Monday, October 25, 2010

One step at a time...

For those of you who have never been in this situation one of the things we deployment-prone folks do while on deployment is set a few benchmarks when we get here. Most tours are 12 months long and during that time there is certain to be quite a few things missed, but with each missed birthday or anniversary is just one more benchmark passed. The Team left on 10 April 2010 and for me the marks that I was looking for were as follows: birthday anniversary season
late-November...Thanksgiving...just kidding, Alabama/Auburn game!
mid-December...R&R (leave)

I really haven't given a whole lot of thought to the milestones past R&R, I just want to get there first. I assume a good mark will be the Super Bowl, after that we'll have less than a month left here.

My reason for discussing this is because tomorrow marks 200 days of deployment...only 50 more until R&R. We didn't plan for 250 days until R&R, it just worked out that way. By the time we get to mid-tour leave we will have been gone from home for over 8 months and 1 week...entirely too long.

Our office has gotten busy again after the two-week lull that we had for end-of-year closeout. Between work and Alabama football the overall deployment is going fairly well, no complaints outside of the typical Army complaints. It has been interesting in the sense that we are co-located with Air Force and Navy troops, which means that I've had to learn a new language or two. For a while I was in an office that was completely split...1 Army, 1 Air Force, and 1 Navy. We were constantly having to remind one another to stop using acronyms since no one understood them outside of our own service component.

The next exciting thing that is going to happen here is a back-up taping for ESPN of the UA/Miss. State game. ESPN plans to do a live broadcast from Bagram for that game, but just in case there are problems they will be taping ahead of time for the sake of redundancy. Apparently The University sent some Bama gear that we are going to get and there are quite a few Tide Alumni scattered around post. Hopefully I'll be on camera giving a shout-out to my wonderful family!

Friday, October 8, 2010

Thank goodness I'm not paid to blog...

I have realized that if I were paid to blog then my family would go hungry very quick, or Loni would have to remind me to write all the time. It's been just over two weeks since I last updated my blog and there haven't been too many new occurences.

The end of the fiscal year came and went without any major malfunctions. It seems that when it's that late in the game everyone has an emergency need that must get purchased before September 30th...which happens for the most part. When we say "no" a General will often get involved and our no quickly becomes a "sure, I think we can squeeze that in."

We had a pretty amazing BBQ last Sunday to celebrate our end-of-year. SSG Martin and I did most of the prep work and cooking with some help from a couple of our Air Force buddies. We were able to grill steak, chicken, and even lobster really was wonderful. One of the guys said that day, "if it weren't for all this dust I'd think I was at home." We had a great time cooking out and I think everyone enjoyed their food. In the end there were probably 40-50 people who came and ate, we were literally on the grill for over 4 hours and you can definitely tell it by my sunglasses racoon tan. The good thing about that tan is that everyone else looks just like me, nobody walks around outside without glasses due to the sun and sand.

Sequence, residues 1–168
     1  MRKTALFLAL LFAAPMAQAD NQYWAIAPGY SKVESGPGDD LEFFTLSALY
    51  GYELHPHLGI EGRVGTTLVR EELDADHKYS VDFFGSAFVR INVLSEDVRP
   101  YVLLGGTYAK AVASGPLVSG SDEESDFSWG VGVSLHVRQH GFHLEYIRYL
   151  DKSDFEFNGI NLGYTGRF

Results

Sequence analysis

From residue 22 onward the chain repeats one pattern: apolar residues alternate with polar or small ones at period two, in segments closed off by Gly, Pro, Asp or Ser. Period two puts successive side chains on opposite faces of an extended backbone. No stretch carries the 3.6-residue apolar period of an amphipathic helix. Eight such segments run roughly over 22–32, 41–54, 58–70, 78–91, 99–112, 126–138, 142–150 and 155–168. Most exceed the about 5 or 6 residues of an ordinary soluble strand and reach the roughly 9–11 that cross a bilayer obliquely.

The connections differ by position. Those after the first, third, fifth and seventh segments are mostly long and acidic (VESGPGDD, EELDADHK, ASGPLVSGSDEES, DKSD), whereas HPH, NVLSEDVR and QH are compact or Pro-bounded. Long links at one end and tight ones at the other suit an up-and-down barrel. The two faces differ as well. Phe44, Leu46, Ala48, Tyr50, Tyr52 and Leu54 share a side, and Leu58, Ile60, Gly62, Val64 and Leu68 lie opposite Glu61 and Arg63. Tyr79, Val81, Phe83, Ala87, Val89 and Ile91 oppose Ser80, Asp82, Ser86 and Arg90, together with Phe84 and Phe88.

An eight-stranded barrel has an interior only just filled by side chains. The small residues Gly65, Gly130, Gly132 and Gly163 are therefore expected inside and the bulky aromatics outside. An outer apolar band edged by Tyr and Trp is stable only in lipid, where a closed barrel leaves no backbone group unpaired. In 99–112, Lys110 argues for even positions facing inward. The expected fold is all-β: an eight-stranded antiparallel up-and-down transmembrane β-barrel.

Today, Daniel and I had the opportunity to go meet a local vendor at our entry control point (ECP-1). The ECP goes right into the town of Bagram and we were able to see some things that we hadn't yet seen on this deployment. Even though we were not together on our trip to Iraq we did much of the same tasks with a lot of convoying in/around the country as a primary occupation.

I was just telling Loni last night how I hadn't seen a child in 6 months; I finally saw a few today. This one little boy walked right up and in the best English he could muster he asked for my pencil, which I gladly gave to him. He gave me a huge smile, a thumbs-up, and then ran off screaming about the pencil to his friends...too bad I didn't have enough for them all. It was the same situation in Iraq, the kids wanted to crawl all over you and wanted anything from pens to water to whatever was on your uniform and shiny. It's amazing how many of these people have so little that a child is overwhelmed by the gift of a pencil.

I find that it's easy to become somewhat jaded dealing with the locals and having to endure their business practices and lack of the English language...I'm not saying they should know English, I'm simply saying that their lacking English is a huge source of frustration. Seeing those kids today helps to put things into perspective quickly. I don't directly see the good that happens outside the wires of Bagram, but I pray that my being here helps these children in some way in the future.

That's about it for now...the Tide is 5-0 and they are coming on tomorrow night at midnight so we'll be having a big party (cokes & chips) to watch them roll over South Carolina on the way to #14.